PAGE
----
This dazzling text takes the reader on a journey through time, rolling back the years, revealing the elegant, streamlined, moderne art deco chrome wares received as gifts in decades past. Contained between these covers are no fewer than 600 photographs and illustrations displaying more than 700 examples of fine art deco wares with sparkling metal finishes, including table decorations, drinking service pieces, buffet service items, smoking articles, and lamps. These items were the products of large, well known firms such as Chase, Manning-Bowman, Kensington, and Revere. Histories of the firms and the industrial designers who created these objects, along with patent and design information on many of the illustrated wares, are provided as well. Also included in this thorough text are all of the details necessary to identify art deco design, differentiate between-and care for-a variety of metal finishes, and to determine value. Values are included in the captions for the items shown. A bibliography and an appendix listing the Chase giftware items designed by Harry Laylon round out the presentation.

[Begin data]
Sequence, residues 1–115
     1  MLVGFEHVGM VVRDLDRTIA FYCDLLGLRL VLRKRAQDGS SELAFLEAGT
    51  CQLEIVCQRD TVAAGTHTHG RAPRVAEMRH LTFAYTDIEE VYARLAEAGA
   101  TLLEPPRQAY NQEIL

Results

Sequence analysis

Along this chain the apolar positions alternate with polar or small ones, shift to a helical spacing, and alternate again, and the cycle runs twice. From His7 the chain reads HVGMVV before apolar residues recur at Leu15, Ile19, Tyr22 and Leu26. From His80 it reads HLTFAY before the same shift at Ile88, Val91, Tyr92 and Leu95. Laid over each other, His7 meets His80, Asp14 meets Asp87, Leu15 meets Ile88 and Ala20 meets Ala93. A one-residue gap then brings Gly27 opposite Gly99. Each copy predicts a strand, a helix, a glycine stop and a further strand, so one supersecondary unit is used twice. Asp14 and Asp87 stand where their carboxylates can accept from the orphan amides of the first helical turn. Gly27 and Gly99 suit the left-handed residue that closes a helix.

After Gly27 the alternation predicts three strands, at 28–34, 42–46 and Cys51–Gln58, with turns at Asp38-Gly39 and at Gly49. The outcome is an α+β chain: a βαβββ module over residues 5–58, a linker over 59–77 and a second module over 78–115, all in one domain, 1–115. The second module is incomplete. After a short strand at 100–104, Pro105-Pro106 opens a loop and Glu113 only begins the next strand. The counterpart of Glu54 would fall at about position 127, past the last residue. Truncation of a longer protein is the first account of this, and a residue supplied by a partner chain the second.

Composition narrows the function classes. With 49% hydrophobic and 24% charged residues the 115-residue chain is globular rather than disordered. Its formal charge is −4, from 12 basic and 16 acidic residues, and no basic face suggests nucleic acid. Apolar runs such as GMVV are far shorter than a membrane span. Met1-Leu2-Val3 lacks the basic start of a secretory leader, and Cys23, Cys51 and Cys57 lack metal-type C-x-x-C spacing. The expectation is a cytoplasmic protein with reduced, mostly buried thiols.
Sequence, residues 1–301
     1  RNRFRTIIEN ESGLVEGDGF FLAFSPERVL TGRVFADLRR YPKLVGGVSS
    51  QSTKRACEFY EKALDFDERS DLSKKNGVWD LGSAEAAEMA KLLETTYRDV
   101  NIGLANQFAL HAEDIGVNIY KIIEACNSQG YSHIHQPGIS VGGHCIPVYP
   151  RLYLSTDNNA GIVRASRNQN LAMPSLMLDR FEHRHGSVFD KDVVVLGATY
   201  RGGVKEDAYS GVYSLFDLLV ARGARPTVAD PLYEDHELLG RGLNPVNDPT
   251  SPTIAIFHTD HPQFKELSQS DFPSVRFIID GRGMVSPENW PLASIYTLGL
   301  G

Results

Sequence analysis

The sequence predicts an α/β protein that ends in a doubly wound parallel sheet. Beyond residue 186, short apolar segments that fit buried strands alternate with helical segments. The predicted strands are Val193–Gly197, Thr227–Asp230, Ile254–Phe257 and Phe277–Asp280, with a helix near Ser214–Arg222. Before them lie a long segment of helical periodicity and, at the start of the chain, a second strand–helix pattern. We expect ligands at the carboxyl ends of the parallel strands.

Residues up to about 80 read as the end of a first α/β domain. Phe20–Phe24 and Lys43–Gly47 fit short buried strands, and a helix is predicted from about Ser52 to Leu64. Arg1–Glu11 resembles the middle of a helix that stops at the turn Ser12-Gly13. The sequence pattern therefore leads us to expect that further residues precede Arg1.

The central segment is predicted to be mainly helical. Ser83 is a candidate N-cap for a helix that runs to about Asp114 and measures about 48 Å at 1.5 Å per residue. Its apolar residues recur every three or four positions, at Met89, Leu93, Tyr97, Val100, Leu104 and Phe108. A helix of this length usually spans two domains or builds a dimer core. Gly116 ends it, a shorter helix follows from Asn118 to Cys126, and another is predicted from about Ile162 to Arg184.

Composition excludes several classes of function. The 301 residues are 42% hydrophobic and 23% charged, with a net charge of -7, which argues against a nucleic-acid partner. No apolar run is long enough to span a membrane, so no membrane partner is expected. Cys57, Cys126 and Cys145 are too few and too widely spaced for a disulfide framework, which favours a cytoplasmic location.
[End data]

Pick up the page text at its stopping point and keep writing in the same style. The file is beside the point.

Jim Linz has been a weekend collector of art deco for nearly 25 years. Over the years, he has amassed a collection now totaling nearly 1,000 items. Following his retirement from the United States General Accounting Office, Jim has turned his full attention to the pursuit of his hobby. This is the first of several books he plans on art deco. A 1969 graduate of Atlanta's Emory University, Jim spent more than 27 years auditing federal programs for the GAO before taking early retirement in 1997. As an Assistant Director in GAO's Health and Human Services Division, he helped produce over 200 reports and testimonies on such diverse subjects as food, cosmetic, drug, and pesticide safety. Medicare and Medicaid fraud, the future of the Department of Veterans Affairs health care system, and health care reform. He was a frequent witness at Congressional hearings. In noting his retirement from public service in September 1997, the Assistant Comptroller General for Human Resources commented that Linz's work had resulted in "billions of dollars in savings."

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